The sensing coil 102 acts as a sensor since the length (L) of the sensing coil 102 depends on the diameter of the sensing assembly 106, which, in turn, depends on the acceleration experienced by the sensing assembly 106. Well known interferometric interrogation techniques, such as Fabry-Perot, Michelson, or Mach-Zehnder, can determine the length of the sensing coil 102. For example, a series of optical pulses from a pulse generator 114 can be applied to the sensing coil 102 through the input optical waveguide 120. Reflections of optical pulses from the Bragg gratings 110, 112, which are partially transmissive, are detected by a detector 116 and analyzed by an analyzer 118. By assessing the phase shift in the pulses that are reflected from the two Bragg gratings 110, 112, the length of the sensing coil 102 can be determined.
Acceleration causes a change in length ΔL of the length L and a corresponding change in the round trip path of pulses reflected from the second Bragg grating 112, which causes the phase relationship between the light pulses detected at the detector 116 to vary. The analyzer 118 senses the phase variance and provides an electrical output that corresponds to the acceleration. The output optical waveguide 130 can be connected to other optical components or sensors deployed along with the accelerometer system 100. Other strain sensing techniques including the use of piezoelectric, electronic or electric strain gauges may be used to measure the variations in strain on the sensing coil 102 such as those described and shown in
The sensing assembly 106 may include a mass-spring arranged within the sensing coil 102 to provide either an in-line accelerometer or a cross-line accelerometer. Movement of the mass in response to acceleration results in the change in length of the sensing coil 102.
For example, the counter mass 202 displaces within the frame plates 210, 211 in the direction indicated by arrow 216 when the in-line accelerometer 200 accelerates in the opposite direction indicated by arrow 217. In this particular case, the tension in the sensing coil 208 increases as the movable half cylinder 206 moves away from the stationary half cylinder 204 such that the fiber length of the sensing coil 208 increases. Similarly, the counter mass 202 displaces within the frame plates 210, 211 in the direction indicated by arrow 217 when the in-line accelerometer 200 accelerates in the opposite direction indicated by arrow 216 such that the movable half cylinder 206 moves toward the stationary half cylinder 204 and the fiber length of the sensing coil 208 decreases. As previously described, this change in length results in a detectable change in phase angle between the signals reflected from the sensors (e.g., Bragg gratings) separated by the sensing coil 208.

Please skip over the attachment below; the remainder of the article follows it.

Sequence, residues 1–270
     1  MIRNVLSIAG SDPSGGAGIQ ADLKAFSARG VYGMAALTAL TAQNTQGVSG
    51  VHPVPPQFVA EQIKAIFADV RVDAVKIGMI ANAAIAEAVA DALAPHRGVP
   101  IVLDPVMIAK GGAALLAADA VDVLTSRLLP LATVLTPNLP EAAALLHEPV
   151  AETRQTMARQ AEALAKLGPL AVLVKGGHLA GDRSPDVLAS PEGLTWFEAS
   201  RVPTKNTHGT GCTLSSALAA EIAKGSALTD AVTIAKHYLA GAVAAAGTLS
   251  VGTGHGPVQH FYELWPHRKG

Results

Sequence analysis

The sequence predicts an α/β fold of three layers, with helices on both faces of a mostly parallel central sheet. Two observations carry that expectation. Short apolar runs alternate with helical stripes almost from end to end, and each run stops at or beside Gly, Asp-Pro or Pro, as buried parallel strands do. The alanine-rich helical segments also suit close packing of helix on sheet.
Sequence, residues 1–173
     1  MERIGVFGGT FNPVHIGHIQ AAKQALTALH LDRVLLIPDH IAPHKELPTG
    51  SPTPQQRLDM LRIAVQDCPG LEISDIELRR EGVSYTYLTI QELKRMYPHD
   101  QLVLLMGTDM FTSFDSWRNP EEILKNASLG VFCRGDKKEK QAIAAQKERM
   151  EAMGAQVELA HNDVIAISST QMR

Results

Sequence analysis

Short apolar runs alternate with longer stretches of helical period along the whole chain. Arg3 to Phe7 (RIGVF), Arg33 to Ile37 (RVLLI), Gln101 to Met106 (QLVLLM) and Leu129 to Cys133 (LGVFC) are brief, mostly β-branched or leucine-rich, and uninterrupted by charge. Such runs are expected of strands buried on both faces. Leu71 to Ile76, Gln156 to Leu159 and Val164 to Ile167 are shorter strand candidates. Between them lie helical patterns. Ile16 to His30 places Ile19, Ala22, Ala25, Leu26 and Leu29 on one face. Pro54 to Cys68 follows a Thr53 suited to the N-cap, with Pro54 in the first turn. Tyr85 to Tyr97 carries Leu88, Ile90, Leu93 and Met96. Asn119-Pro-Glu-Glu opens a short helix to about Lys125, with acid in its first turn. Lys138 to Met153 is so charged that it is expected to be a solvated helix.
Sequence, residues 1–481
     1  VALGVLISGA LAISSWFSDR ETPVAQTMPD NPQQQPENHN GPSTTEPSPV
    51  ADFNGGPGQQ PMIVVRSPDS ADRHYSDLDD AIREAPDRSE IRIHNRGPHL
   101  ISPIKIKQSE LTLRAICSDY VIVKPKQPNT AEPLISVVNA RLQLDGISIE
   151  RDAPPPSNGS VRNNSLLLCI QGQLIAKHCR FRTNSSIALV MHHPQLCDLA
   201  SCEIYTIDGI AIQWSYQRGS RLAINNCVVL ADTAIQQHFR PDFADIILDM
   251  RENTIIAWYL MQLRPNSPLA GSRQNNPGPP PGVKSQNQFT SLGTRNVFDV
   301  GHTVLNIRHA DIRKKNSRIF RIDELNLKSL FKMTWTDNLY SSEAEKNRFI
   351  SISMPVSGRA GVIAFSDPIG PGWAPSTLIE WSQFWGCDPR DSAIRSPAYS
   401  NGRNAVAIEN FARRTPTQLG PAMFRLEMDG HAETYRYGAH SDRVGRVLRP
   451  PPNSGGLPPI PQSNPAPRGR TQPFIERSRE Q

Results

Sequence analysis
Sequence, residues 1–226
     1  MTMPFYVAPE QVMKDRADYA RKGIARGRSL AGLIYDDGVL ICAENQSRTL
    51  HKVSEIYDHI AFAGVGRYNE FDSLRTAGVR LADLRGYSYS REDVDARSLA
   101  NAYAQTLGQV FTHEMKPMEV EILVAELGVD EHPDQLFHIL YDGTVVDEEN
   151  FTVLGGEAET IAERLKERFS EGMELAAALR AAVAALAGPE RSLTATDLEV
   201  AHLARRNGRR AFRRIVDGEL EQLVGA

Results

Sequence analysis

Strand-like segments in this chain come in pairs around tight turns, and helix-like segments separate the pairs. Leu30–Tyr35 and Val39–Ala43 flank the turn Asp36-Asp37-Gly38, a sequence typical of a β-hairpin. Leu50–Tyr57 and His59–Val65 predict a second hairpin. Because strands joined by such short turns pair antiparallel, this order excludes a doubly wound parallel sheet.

As is apparent from
Referring back to
The cross-line accelerometer 600 shares many of the benefits of the in-line accelerometer 200. For example, winding of the sensing coil 608 around the half cylinders 604, 606 to complete the cross-line accelerometer 600 can be accomplished easily and performed directly thereon after all other assembly of the cross-line accelerometer 600 is complete. In addition, the design of the cross-line accelerometer 600 utilizes a relatively small number of parts that may be made using polymers along with efficient molding techniques to further simplify the manufacturing process and further reduce manufacturing costs.
For any geometry of the wraps described herein, more than one layer of fiber may be used depending on the overall fiber length and sensitivity desired. It is further within the scope of the present invention that the sensing coil may comprise the optical fiber disposed in a helical pattern (not shown) about the half cylinders. Other geometries for the wraps may be used if desired. The desired axial length of any particular wrap is set depending on the characteristics of the acceleration sensitivity and other parameters desired to be measured, for example, the magnitude of the acceleration. Furthermore, the half cylinders generally provide rounded surfaces for wrapping the sensing coil thereon to prevent straining and sharp bending of the sensing coil. However, the surface supporting the sensing coil may be any other shape than rounded such as flat, angled or undulated. In addition, various elements of the accelerometers 200, 600 may be integrated into a single element for some embodiments. For example, the stationary half cylinder 204 may be integral with the second frame plate 211.
While the foregoing is directed to embodiments of the present invention, other and further embodiments of the invention may be devised without departing from the basic scope thereof, and the scope thereof is determined by the claims that follow.
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|U.S. Classification||73/514.26, 250/227.18, 250/227.14, 356/477|
|International Classification||G01V1/18, G01B9/02, G01P15/093, G01P15/00, G01P15/08|
|Cooperative Classification||G01V1/181, G01H9/004, G01V2210/1427, G01P15/093|
|European Classification||G01V1/18A, G01P15/093, G01H9/00C|
|Jul 15, 2005||AS||Assignment|
Owner name: OPTOPLAN AS, NORWAY
Free format text: ASSIGNMENT OF ASSIGNORS INTEREST;ASSIGNORS:BERG, ARNE;HEGLUM, TORBJOERN;REEL/FRAME:016267/0884
Effective date: 20041221
|Aug 14, 2008||AS||Assignment|
Owner name: WEATHERFORD/LAMB, INC., TEXAS
Free format text: ASSIGNMENT OF ASSIGNORS INTEREST;ASSIGNOR:OPTOPLAN AS;REEL/FRAME:021387/0563
Effective date: 20080805
|Dec 16, 2010||FPAY||Fee payment|
Year of fee payment: 4
|Dec 24, 2014||FPAY||Fee payment|
Year of fee payment: 8